Friday, August 6, 2010

sewing curtains for the Airstream

I thought I would share a quick guide on sewing curtains for the Airstream. Browsing around the Airstream forums, many people seem a bit intimidated by the process of sewing curtains. It is actually quite easy, although a bit time-consuming. But, with some simple tools, you can whip up some nice new curtains and save some cash!

First things first, pick out some fabric. As I posted earlier, I wanted something that screamed "Flower Power!" and matched our Tiffany Box Blue interior. We needed 10 yards for our curtains since the fabric I chose was a 45" wide bolt. For linings, I found some super-cheap white muslin.

I measured out all the old curtains. I added two inches for the top and bottom, and one inch per side for seam allowances. To make sure my curtains were shaped like a rectangle and not a rhombus, I like to cut my fabric using a self-healing cutting mat and rotary cutter. You can find a three piece set (includes the handy ruler) in the quilting section of the craft store.

After cutting your curtain and liner fabrics to size, I like to press my seams. Some people skip this step and rely only on pinning, but pressing everything flat gives a nice crisp edge and makes it easier to sew and put in the eyelets later.

After I press all my folds, I put in the eyelets. (If you choose to put in eyelets, you have to do so before sewing the bottom edge down). The old curtains in my Airstream simply had the pointed curtains hooks poked into the fabric. The curtain hooks have sharp points that easily tear through the fabric, but I think putting an eyelet in is a nicer touch. You can pick up a grommet tool and bag of eyelets very inexpensively. The first step is using the tool to create a small hole in the fabric, much like a hole punch. I used the same 4" increments that my old curtains had.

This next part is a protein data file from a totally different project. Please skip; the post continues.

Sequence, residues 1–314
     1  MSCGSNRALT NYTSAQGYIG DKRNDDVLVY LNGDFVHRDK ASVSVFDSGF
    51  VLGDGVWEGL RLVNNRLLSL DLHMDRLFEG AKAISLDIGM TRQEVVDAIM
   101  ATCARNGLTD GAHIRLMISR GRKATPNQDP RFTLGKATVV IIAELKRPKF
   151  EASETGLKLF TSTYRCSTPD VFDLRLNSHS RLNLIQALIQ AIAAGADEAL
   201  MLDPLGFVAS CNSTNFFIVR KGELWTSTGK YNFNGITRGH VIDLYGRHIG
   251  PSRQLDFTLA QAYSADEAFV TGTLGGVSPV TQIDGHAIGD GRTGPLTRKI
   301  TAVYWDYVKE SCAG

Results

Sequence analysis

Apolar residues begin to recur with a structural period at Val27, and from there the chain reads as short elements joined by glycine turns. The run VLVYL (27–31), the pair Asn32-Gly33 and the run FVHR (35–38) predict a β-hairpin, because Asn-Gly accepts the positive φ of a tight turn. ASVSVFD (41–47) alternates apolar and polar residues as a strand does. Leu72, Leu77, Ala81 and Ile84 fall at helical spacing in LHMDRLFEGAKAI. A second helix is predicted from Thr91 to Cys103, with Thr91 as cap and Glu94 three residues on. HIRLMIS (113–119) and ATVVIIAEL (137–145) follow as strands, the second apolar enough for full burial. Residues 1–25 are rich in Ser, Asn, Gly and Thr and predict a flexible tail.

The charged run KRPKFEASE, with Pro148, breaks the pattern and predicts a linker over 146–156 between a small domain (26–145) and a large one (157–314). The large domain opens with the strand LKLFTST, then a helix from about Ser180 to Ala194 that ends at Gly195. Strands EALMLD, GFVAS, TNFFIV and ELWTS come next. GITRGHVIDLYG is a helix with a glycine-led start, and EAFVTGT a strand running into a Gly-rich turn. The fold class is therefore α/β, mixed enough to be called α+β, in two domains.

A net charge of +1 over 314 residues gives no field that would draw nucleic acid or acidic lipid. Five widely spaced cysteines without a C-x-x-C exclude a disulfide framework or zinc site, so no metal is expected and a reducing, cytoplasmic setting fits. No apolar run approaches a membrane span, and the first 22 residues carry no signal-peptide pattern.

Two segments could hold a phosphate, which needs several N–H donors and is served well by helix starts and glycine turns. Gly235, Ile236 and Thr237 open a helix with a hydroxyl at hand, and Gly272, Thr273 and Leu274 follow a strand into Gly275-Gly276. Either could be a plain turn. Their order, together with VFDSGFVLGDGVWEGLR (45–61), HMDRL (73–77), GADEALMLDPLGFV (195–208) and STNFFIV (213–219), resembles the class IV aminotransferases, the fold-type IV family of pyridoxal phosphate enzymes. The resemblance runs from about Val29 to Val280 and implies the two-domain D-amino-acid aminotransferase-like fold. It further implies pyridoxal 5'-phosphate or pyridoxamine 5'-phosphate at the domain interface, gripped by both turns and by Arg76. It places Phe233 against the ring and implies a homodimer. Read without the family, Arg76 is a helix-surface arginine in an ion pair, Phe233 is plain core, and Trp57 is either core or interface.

Next, you thread the eyelet into the hole and use the tool to crimp it down. It gives a professional look, I think.

Next, just sew down all your edges. I fold the sides over twice to hide any rough edges (see picture below). I pin everything in place to keep everything tidy as I sew.

This is a time consuming process. I like to set up a folding table in the living room so that I can watch a movie while I work... it passes the time. On this night, I was watching Pretty In Pink.

The final step is to secure the little rings at the bottom of the curtains. My Airstream had fishing line run across the bottom of the windows to hold the curtains down. (I think plain white cord might be a nicer touch). I simply hand stitched these on in the same 4" increments as the eyelets.
And, voila, you are ready to hang your new curtains.

I think they look really sweet when all bunched up to the side. I like to let the sunlight in! You could use a light-blocking material, but I really like the look of light streaming in. I also think the curtains look really nice with the newly painted cornices!

Whew! One down... seven to go!